3 Tips For Buying Subcutaneous Or Intramuscular Injection Supplies

Many medications to treat chronic illnesses require subcutaneous or intramuscular injections. Having the right medical supplies and knowing what to expect can make the process easier.

Buy The Right Sharps Container

When possible, buy the largest sharps container you can reasonably afford. Also, buy sharps containers that include return postage in the purchase price. Proper disposal of syringes is imperative for the protection of the people around you, especially trash collectors. Since disposing of syringes can be tedious, it is easier to purchase a large sharps container initially, even if it is a significant upfront investment. Depending on the dosing schedule of your medication, you may only need to return the sharps container or find a drop-off site a few times per year.

Experiment With Different Supplies

Your doctor probably recommended a specific type of syringe and needle gauge for your medication, but you may want to ask if you can experiment with different supplies. Several factors can make injections more comfortable. If you are doing intramuscular injections, you might benefit from having a syringe with a detachable needle and using two different needles.

For example, a larger 20-gauge needle can make it easier to draw up medication into the syringe. However, you may want to switch to a 22 or 24-gauge needle for the actual injection. Switching needles between filling the syringe and the injection can also reduce discomfort since puncturing the vial of medication can dull your needle.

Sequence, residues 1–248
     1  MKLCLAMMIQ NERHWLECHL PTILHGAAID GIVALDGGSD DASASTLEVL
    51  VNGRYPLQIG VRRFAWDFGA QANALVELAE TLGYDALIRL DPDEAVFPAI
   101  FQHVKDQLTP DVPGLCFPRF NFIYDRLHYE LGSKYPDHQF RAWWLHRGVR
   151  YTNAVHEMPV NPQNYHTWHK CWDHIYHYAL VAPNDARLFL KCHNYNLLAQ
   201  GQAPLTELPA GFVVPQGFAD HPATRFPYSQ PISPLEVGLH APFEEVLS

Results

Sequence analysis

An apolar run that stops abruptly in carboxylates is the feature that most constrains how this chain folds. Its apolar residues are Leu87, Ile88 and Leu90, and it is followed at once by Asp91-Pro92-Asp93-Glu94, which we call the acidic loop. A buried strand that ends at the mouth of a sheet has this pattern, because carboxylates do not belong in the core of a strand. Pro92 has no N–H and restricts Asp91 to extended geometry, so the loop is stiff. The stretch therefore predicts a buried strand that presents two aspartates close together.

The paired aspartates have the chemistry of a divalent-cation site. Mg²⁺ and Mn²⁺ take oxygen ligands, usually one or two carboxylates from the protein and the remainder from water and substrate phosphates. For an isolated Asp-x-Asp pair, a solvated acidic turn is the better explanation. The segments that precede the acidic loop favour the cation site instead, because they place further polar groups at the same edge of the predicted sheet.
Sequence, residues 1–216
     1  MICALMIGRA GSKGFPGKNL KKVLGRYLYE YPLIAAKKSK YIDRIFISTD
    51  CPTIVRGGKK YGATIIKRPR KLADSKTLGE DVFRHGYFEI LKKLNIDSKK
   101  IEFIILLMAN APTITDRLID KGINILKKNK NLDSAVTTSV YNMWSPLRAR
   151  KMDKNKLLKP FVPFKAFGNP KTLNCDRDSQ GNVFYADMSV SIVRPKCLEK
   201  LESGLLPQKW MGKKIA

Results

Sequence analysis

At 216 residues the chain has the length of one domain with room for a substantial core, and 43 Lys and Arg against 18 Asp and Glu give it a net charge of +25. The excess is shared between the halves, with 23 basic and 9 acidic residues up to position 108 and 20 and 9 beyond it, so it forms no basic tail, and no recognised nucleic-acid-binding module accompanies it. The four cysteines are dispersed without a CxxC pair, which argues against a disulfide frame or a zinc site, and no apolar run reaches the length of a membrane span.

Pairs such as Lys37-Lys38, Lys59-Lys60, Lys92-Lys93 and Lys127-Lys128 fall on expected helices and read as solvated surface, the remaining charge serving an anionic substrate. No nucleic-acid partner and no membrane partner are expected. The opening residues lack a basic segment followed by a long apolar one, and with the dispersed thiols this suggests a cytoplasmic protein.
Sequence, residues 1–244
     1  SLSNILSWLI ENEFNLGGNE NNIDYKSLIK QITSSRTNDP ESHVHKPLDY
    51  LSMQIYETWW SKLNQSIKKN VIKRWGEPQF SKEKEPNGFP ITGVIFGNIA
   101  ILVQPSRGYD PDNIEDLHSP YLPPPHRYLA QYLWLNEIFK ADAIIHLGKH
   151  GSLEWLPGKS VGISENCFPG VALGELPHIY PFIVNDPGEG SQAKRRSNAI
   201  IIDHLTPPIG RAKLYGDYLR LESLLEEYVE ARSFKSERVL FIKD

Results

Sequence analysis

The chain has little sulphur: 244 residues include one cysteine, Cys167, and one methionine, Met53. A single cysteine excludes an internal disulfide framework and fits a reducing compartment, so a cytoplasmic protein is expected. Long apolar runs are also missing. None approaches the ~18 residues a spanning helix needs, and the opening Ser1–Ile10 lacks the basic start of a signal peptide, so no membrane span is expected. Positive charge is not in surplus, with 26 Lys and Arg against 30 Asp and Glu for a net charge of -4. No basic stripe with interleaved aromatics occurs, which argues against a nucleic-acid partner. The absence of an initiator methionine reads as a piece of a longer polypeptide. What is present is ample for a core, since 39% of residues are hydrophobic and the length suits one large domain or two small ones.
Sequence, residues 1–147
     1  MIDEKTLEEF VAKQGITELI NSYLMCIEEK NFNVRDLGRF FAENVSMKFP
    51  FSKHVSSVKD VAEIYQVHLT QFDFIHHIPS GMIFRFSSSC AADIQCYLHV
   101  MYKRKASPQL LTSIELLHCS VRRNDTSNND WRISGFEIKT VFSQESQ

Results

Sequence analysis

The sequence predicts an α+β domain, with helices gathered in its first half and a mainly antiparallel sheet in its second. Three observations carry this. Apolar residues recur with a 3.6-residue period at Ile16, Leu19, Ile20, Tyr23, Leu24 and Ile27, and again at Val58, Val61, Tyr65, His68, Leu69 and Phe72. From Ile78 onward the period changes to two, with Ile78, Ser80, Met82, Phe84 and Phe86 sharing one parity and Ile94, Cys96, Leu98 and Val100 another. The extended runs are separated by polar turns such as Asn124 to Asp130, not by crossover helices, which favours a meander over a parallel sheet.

If you have arthritis in your hands or dexterity problems, you may benefit from having a larger syringe, even if the quantity of medicine you inject is small. Smaller syringes with a maximum capacity of 1 ml can be difficult to hold and manipulate the plunger when you have hand problems.

Choose Shorter Subcutaneous Needles

When you need to inject your medication subcutaneously, your doctor may recommend insulin syringes. The needle on insulin syringes is available in different lengths and it is easy to choose one that is too long. Shorter needles will help ensure the medication is injected into the subcutaneous fat and not into the muscle. However, needles that are too short, less than 5mm, can cause you to injection your medication under the skin.

When medication is injected under your skin and not into the subcutaneous fat, you may experience leakage when you remove the needle and not receive your full dose of medicine. Furthermore, many medications are dependent on subcutaneous fat to help the medication absorb.

Doing your own medication injections can be intimidating, but finding the right supplies makes the process easier. When possible, try different combinations of supplies to make injections quick and painless.